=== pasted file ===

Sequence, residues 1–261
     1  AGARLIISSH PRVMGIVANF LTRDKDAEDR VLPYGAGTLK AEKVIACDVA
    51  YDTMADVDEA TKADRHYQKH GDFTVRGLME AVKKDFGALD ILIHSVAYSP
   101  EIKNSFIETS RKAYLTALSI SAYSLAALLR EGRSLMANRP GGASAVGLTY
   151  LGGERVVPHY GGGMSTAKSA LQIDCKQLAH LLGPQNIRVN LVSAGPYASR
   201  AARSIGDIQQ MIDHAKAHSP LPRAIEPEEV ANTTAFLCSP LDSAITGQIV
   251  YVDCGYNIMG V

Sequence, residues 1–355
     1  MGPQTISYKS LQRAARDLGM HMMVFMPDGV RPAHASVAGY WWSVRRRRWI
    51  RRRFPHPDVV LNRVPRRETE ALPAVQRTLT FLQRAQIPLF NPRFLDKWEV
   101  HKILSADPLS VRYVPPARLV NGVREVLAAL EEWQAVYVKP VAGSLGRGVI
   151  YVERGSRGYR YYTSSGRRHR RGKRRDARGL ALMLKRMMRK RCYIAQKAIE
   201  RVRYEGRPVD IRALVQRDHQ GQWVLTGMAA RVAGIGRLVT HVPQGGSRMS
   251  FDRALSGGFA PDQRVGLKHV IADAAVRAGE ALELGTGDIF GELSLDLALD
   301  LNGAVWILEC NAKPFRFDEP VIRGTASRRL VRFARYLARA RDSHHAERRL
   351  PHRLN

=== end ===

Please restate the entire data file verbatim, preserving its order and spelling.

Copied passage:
Sequence, residues 1–261
     1  AGARLIISSH PRVMGIVANF LTRDKDAEDR VLPYGAGTLK AEKVIACDVA
    51  YDTMADVDEA TKADRHYQKH GDFTVRGLME AVKKDFGALD ILIHSVAYSP
   101  EIKNSFIETS RKAYLTALSI SAYSLAALLR EGRSLMANRP GGASAVGLTY
   151  LGGERVVPHY GGGMSTAKSA LQIDCKQLAH LLGPQNIRVN LVSAGPYASR
   201  AARSIGDIQQ MIDHAKAHSP LPRAIEPEEV ANTTAFLCSP LDSAITGQIV
   251  YVDCGYNIMG V

Sequence, residues 1–355
     1  MGPQTISYKS LQRAARDLGM HMMVFMPDGV RPAHASVAGY WWSVRRRRWI
    51  RRRFPHPDVV LNRVPRRETE ALPAVQRTLT FLQRAQIPLF NPRFLDKWEV
   101  HKILSADPLS VRYVPPARLV NGVREVLAAL EEWQAVYVKP VAGSLGRGVI
   151  YVERGSRGYR YYTSSGRRHR RGKRRDARGL ALMLKRMMRK RCYIAQKAIE
   201  RVRYEGRPVD IRALVQRDHQ GQWVLTGMAA RVAGIGRLVT HVPQGGSRMS
   251  FDRALSGGFA PDQRVGLKHV IADAAVRAGE ALELGTGDIF GELSLDLALD
   301  LNGAVWILEC NAKPFRFDEP VIRGTASRRL VRFARYLARA RDSHHAERRL
   351  PHRLN